Edited to change the photos of Sinnataggen and the Monolith - all photos are now mine.
Still not quite up to tackling the whole Norse Mythology thing! So I will write about one of the most popular tourist attractions in Oslo, the Vigeland Park. The park has 214 statues (mainly of naked human bodies) by Norwegian sculptor Gustav Vigeland. (Actually, Norwegians refer to the park as Frogner Park but in English it is often called the Vigeland Park after the sculptor.) It is actually the most visited tourist attraction in the whole country. It is also a favorite hangout for locals who come to barbecue, play sports, sunbathe, or simply relax.
Gustav Vigeland (1869-1943) started creating the sculptures and the accompanying cast iron gates in 1905 and worked on it for 20 years, but the park wasn't completed until 1950.
There are five distinct areas with sculptures: the main gate, the bridge, the wheel of life, the fountain, and the Monolith. The main gate is an imposing structure made out of cast iron. There are several other cast iron gates throughout the park. The bridge has a series of cast iron human figures. The fountain is made out of cast iron, while the Monolith and its surrounding figures are granite.
View from the bridge towards the Monolith:
The sculptures are wonderful and depict all stages of life, from birth to death. One of the most popular statues can be found among the cast iron statues on the bridge, Sinnataggen (which loosely translates to "little angry boy"):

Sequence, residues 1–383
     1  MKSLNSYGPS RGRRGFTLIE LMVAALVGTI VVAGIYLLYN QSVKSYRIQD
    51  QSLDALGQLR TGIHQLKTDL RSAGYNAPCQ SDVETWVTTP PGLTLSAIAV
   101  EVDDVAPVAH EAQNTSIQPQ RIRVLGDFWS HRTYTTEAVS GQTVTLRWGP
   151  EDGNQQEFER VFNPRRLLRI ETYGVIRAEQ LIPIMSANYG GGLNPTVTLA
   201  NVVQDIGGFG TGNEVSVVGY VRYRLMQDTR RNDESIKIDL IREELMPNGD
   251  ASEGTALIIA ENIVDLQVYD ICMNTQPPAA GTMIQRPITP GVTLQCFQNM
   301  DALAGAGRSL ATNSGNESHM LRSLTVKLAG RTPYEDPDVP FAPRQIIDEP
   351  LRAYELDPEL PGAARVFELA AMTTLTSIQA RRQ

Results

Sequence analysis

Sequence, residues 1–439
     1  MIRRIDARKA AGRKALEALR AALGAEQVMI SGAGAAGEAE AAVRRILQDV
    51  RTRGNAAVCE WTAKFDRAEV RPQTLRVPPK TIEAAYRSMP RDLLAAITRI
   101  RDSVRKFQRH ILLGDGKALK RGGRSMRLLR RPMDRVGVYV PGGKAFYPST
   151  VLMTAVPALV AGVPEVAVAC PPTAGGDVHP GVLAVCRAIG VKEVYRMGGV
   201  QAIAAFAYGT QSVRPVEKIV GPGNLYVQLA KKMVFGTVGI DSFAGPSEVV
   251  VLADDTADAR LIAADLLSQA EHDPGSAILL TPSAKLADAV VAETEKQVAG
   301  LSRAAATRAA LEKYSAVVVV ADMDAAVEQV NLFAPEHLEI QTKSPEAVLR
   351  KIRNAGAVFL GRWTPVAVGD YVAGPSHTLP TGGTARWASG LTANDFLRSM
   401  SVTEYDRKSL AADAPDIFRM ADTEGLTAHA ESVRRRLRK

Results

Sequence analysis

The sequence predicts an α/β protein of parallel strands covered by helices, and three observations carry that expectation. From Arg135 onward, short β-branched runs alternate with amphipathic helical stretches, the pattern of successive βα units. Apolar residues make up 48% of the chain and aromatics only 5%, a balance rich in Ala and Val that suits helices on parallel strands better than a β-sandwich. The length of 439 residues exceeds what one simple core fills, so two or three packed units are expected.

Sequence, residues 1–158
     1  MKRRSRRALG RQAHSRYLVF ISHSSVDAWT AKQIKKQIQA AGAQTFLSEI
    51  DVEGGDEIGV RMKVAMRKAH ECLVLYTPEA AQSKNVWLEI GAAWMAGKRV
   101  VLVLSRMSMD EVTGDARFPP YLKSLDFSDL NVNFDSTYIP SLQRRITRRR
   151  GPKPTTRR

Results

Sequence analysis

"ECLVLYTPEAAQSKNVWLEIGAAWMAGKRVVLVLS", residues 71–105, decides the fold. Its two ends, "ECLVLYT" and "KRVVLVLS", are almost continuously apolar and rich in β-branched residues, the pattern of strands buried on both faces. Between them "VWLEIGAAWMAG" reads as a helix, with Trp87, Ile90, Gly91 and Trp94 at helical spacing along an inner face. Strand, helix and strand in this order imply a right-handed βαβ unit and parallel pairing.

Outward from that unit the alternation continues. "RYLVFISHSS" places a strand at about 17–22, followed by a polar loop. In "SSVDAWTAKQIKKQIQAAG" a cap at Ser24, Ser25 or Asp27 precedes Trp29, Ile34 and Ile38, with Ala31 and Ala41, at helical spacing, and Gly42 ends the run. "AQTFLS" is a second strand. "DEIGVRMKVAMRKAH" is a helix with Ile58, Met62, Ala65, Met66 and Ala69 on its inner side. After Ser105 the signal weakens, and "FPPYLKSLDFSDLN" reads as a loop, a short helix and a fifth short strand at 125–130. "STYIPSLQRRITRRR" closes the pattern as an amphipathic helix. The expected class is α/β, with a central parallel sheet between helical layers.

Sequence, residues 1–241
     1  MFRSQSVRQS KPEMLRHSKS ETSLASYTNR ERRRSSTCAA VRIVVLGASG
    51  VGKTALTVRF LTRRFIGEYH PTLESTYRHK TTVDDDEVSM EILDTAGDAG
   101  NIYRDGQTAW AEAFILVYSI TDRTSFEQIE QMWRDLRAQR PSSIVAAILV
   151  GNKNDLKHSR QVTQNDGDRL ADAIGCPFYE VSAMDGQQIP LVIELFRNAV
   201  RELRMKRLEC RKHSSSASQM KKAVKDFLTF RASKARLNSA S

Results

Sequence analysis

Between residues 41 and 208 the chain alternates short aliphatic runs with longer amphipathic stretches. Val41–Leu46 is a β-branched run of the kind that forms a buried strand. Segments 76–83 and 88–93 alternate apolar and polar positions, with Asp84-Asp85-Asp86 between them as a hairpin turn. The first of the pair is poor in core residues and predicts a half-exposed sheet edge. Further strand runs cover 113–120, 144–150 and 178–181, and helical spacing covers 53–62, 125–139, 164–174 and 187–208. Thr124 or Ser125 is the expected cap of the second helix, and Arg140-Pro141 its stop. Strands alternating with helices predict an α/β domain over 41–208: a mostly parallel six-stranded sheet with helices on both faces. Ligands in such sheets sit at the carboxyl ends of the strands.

Vigeland sculpted the figures out of clay and then had professional craftsmen make them into granite or cast iron sculptures. The figures are all larger than "real people", but not by a lot.
The most famous sculpture is the Monolith. "The Monolith towers 14.12 meters (46.32 ft) high and is comprised of 121 human figures rising toward heaven. This is meant to represent man’s desire to become closer with the spiritual and divine. It portrays a feeling of togetherness as the human figures embrace one another as they are carried toward salvation." (Wikipedia.) Visitors always seem to point out its somewhat phallic qualities but having grown up seeing the monument that never occurred to me!
Part of the bridge:
One of the gates with the Monolith in the background:
Detail from the gate, seen from the back:
The river and the Children's Park: